Silicon Valley< /strong> is the great myth, having a success story of wealth creation linked to the opportunities of new technologies. Who doesn’t want something like that? In Silicon Valley things also twisted with the crisis, but still working and other cities aspire to be the new global hub. The development of cities and the opportunities for creating well-being, economic activity and job creation opportunities are aspects that no longer necessarily depend on the size of the city. Faced with the accumulation of population, companies and spatial dimension, a central factor in traditional urban development, today a city has greater economic dynamism if it is well connectedinto the dynamics and flows of the global economy. This integration also requires that the economic and business agents that operate in the area of influence of the city are also connected to each other, in dense contexts of relationship and social capital. The most competitive territories specialize and concentrate their activities in peripheral neighborhoods or areas. All of that and more is part of Silicon Valley’s success.
This is a risky strategy, as Margaret O´Mara recalled in Don´t try this at home, article we talked about a few weeks ago about the special of Foreign Policy. Risky because it doesn’t always work. Similar cases can be found in Bangalore or Tel Aviv, but many others have failed or have fallen by the wayside. Esko Aho (Chairman then from SITRA, the Finnish innovation fund, former prime minister of the Nordic country and currently executive vice president of Nokia) wrote an article more than two years ago, How to build a Silicon Valley in Europe, in which at the beginning of the crisis, He called for courage in Europe. Someone who has lived on the front lines of the deep technological commitment that Finland made years ago will know something about this (on the back, it is true, of a great giant like Nokia), a country where we also find one of the best examples of urban concentrations of technology companies. technology bases, Kista Science City.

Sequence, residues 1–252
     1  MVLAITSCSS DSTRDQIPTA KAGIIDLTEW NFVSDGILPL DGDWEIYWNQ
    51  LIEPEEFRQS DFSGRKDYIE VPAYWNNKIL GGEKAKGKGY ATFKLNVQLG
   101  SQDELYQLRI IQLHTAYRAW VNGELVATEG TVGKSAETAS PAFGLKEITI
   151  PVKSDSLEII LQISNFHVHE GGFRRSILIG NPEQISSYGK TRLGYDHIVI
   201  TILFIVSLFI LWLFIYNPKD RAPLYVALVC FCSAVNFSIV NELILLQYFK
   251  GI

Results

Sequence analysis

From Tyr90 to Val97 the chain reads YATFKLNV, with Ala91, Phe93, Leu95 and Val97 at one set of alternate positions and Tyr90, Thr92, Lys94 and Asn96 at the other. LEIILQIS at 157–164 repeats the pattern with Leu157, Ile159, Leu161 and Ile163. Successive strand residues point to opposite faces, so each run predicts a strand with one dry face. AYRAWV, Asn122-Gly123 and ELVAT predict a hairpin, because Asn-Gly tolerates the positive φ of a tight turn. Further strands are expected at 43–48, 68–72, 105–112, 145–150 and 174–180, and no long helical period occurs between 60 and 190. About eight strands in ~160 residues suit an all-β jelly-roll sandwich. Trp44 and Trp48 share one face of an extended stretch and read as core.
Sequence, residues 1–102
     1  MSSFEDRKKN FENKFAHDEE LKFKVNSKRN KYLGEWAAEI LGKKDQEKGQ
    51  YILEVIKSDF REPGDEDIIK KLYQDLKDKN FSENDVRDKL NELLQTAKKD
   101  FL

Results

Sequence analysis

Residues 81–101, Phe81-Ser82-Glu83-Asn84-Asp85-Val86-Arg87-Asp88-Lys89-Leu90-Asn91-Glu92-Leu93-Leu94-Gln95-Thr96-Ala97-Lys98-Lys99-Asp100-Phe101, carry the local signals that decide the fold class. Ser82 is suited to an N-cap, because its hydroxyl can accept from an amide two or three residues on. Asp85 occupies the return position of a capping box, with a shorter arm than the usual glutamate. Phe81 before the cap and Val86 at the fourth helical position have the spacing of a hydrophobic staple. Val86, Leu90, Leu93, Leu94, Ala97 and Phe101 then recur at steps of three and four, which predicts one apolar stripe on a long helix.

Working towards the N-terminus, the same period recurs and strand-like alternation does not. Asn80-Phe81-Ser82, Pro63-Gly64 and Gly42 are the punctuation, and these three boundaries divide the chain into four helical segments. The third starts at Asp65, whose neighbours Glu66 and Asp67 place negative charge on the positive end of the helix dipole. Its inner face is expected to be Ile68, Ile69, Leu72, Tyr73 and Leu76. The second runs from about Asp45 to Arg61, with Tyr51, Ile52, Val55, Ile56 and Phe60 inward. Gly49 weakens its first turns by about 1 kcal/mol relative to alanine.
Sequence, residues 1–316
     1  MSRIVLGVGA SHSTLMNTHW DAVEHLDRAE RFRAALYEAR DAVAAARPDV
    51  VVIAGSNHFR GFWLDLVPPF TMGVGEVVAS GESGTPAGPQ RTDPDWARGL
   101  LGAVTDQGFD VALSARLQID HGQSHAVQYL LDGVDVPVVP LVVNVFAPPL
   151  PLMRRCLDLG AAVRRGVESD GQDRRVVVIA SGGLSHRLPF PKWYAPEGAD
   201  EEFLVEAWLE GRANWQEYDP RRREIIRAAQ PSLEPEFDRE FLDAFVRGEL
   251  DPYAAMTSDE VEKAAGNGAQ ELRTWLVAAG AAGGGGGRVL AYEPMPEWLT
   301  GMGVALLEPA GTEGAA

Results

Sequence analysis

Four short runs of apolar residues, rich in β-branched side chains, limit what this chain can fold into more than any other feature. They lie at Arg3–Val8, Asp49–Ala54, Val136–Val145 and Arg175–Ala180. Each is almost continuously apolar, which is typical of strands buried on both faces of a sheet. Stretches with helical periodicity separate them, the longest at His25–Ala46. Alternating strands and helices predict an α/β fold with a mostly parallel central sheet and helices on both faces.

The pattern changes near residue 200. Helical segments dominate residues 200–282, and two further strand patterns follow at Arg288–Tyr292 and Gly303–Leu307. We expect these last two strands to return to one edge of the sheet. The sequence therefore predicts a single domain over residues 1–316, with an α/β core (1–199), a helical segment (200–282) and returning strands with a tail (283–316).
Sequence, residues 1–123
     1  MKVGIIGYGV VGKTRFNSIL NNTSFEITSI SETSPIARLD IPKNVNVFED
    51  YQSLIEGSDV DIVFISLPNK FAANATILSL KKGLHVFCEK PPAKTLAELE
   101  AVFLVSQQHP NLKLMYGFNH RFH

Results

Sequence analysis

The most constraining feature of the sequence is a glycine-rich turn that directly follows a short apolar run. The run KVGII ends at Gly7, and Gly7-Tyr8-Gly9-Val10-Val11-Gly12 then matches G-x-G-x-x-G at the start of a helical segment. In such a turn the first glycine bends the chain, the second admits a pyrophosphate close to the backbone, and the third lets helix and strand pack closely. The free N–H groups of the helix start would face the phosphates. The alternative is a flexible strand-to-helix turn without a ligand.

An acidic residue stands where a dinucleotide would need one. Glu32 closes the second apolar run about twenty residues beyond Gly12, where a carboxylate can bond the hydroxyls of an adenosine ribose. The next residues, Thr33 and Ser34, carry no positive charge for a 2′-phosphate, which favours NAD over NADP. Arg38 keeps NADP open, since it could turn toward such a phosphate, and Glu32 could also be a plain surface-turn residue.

Silicon Roundabout is an area of London where different technology-based companies have established themselves, forming an urban cluster of high-value-added technology activities. In this map produced by Wired (here in large format< /a>) with information on the companies and their location) you can see the high concentration of companies in a very specific area of the British capital. Also a Tech Crunch article reviews the British government’s plans to boost this area, which it calls East London Tech City, with 200 million pounds of investment, facilities to attract new activities through a Start-up Visa, the revision of intellectual property rules and the creation of different equipment and support programs (accelerator of projects, a new research laboratory, etc.) that will accompany the planned investments of companies such as Google, Facebook, Cisco or British Telecom. And with this they will join companies that already carry out their activity in London: Dopplr, Last.fm, Berg, Kizoom, and so on until nearly 100 technology-based companies.
The least of it is, as the newspaper headlines always insist on these things, if London will end up being the competition to California’s Silicon Valley or if it will be the next epicenter of innovations in the digital sector. The important thing is that these things happen, always out there. But I will talk about this in the next post.
I take advantage of and leave the notes regarding this topic that I included in the September course on Creative Urban Sustainability, even if they are only a few images.